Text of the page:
401012 Is CFD Ready for Being a Design Tool for Fixed-Bed Reactors?

Tuesday, April 28, 2015: 1:30 PM
416AB (Hilton Austin)
Gregor D, Wehinger, Thomas Eppinger and Matthias Kraume, Chair of Chemical and Process Engineering, Technische Universität Berlin, D-10587 Berlin, Germany

Is CFD ready for being a design tool for fixed-bed reactors?

Gregor D. Wehinger, Thomas Eppinger, Matthias Kraume

Chemical and Process Engineering, Technische Universität Berlin, Fraunhoferstr. 33-36, 10587 Berlin, Germany

            Almost 15 years ago Dixon and Nijesmeisland simulated for the first time a fixed bed with a small tube-to-particle-diameter ratio (N) that took the actual particle shape into account. Although the bed consisted of only some uniformly packed spheres, it was now possible to investigate the interstitial flow field without a priori assumptions for momentum transport. Consequently, the authors claimed “CFD as a design tool for fixed-bed reactors” [1]. After that groundbreaking paper, several scientists have extended these detailed CFD simulations toward non-spherical shaped particles, particles including thermal conductivity, as well as catalytic active particles. However, several aspects of an adequate modeling are still under investigation, i.e., among others turbulent flow, meshing criteria, radiation, and the coupling of heterogeneous catalysis on the particle surface with the surrounding flow field.

            In this work we are looking critically at recent developments in the field of spatially resolved simulations of catalytic fixed-bed reactors. In addition, examples are given, how such simulations can be validated with appropriate detailed experimental techniques. Therefore, a capillary sampling technique is applied in a tubular fixed-bed reactor [2]. This method provides profiles of gas species concentrations, gas temperature and surface temperature. These experimental results are then compared with 3D numerical simulations taking explicitly into account the shape of the spherical particles. Inside the particles heat conduction is assumed. On the particle surface a detailed reaction mechanism is applied distinguishing between adsorption, surface reaction and desorption of chemical species. The dry reforming of methane (DRM) is taken as an example of heterogeneous catalytic processes. The procedure of the fixed-bed model follows that of Wehinger et al. [3]. This modeling approach allows the investigation of the interactions between chemical kinetics and transport of momentum, heat and mass.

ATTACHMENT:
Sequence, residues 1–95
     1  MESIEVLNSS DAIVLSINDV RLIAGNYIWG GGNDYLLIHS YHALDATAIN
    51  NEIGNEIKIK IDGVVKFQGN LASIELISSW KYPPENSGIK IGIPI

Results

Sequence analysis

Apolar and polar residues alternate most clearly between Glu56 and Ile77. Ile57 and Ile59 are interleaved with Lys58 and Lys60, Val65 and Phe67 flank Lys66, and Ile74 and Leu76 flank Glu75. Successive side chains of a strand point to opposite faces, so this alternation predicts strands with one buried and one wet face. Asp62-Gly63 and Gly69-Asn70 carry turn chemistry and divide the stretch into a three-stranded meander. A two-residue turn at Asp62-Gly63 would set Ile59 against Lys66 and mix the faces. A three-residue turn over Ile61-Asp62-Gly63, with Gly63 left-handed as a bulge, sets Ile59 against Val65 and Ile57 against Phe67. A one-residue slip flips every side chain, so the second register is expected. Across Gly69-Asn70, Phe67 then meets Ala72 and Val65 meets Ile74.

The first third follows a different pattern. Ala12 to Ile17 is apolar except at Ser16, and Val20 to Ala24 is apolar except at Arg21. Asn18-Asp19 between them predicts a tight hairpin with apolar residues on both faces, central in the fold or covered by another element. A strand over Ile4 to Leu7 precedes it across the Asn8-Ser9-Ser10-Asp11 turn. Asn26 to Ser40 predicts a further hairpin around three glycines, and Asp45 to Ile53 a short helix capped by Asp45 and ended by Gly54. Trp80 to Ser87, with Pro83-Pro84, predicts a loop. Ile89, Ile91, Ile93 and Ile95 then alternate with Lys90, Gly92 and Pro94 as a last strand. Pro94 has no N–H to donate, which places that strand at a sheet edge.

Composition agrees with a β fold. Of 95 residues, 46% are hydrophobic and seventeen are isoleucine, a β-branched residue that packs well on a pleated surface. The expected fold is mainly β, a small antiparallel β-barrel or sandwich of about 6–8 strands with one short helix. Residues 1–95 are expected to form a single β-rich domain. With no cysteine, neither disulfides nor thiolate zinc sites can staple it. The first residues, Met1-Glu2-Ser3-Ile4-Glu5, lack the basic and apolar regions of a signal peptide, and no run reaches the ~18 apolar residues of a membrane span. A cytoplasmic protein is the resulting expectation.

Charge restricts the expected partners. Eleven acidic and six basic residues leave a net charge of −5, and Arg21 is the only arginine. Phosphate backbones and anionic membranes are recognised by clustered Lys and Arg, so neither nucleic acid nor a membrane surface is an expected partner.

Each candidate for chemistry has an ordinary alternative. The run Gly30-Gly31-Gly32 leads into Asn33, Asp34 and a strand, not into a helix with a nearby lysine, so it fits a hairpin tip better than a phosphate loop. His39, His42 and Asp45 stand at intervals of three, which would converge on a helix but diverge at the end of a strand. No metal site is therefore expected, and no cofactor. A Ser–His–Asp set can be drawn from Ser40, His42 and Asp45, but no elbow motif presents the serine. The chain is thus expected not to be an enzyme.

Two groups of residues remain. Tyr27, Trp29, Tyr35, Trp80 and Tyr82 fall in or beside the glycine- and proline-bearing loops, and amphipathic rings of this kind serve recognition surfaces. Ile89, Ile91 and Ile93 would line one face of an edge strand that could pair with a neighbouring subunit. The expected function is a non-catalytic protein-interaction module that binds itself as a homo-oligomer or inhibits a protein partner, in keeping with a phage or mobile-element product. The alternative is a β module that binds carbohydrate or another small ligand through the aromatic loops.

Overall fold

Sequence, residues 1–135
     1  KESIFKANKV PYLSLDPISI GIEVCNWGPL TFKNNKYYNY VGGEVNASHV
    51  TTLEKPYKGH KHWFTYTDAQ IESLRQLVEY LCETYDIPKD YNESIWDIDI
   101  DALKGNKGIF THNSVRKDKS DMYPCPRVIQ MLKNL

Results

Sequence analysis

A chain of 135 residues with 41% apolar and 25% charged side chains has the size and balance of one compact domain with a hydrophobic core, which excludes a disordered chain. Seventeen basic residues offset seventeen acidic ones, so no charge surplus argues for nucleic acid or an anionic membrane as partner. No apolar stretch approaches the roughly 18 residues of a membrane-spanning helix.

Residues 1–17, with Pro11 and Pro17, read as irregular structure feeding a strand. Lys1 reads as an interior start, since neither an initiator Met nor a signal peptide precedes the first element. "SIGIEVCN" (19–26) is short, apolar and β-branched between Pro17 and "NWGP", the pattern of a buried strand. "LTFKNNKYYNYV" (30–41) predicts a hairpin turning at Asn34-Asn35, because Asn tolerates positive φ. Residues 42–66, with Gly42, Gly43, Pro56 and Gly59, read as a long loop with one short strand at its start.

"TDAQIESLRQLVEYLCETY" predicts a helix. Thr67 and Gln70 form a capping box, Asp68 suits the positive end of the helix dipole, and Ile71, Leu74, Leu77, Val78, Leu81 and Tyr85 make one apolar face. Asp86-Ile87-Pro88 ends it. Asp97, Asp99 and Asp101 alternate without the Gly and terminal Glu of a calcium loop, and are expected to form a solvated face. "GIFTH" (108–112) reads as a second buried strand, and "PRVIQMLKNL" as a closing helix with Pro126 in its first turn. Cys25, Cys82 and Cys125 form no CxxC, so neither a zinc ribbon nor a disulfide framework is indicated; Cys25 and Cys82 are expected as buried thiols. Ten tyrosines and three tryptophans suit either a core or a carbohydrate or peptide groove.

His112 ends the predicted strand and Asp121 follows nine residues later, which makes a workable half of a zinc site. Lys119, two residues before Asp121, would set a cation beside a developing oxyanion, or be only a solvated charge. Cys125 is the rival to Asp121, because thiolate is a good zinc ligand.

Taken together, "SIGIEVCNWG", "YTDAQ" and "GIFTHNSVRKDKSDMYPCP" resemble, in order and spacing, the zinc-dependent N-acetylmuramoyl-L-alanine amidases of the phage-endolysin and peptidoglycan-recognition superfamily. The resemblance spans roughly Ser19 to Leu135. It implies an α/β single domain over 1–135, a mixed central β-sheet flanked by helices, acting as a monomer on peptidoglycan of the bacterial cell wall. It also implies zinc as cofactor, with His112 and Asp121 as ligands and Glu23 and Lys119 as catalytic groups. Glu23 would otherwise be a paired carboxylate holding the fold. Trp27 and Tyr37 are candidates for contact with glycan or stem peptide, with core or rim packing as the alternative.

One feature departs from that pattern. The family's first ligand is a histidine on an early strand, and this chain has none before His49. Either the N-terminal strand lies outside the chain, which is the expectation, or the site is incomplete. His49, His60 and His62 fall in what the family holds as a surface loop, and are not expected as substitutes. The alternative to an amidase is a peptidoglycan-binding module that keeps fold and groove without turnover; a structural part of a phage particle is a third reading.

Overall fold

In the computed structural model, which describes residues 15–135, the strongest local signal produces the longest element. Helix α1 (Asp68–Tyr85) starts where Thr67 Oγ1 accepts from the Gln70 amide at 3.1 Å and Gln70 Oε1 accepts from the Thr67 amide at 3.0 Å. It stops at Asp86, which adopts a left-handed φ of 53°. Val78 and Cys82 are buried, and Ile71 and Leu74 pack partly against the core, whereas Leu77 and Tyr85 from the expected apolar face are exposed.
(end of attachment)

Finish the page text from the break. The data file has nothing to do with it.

Finally the applicability of CFD as a design tool is investigated. Therefore, three different kinds of particles of typical industrial dimensions are evaluated under common reaction conditions toward conversions and yields of the DRM. The particle shapes involve spheres, cylinders and 1-hole cylinders, see Fig. 1. With such detailed modeling transport phenomena inside fixed-beds can be quantified and finally, a substantial comparison between different packings is possible.

Fig. 1. Surface site fraction of adsorbed carbon C(S) on cylindrical particles (left) and 1-hole cylindrical partciles (right) for DRM.

            However, the time required for a converged simulation can account for several days. Accordingly, such simulations are too time-consuming that they can replace lumped models, which deliver results in seconds, in the design stage. Nevertheless, detailed simulations of small N fixed-bed reactors offer unique insights into the complex processes of catalytic reacting flow. Moreover, dependencies on empirical equations can be minimized.


[1]       Dixon, A. G. & Nijemeisland, M. Ind. Eng. Chem. Res., 2001, 40, 5246-5254

[2]       Horn, R., Degenstein, N., Williams, K. & Schmidt, L. Catal. Lett., 2006, 110, 169-178

[3]       Wehinger, G.D., Eppinger, T. & Kraume, M. Chem. Eng. Sci., 2015, 122, 197-209


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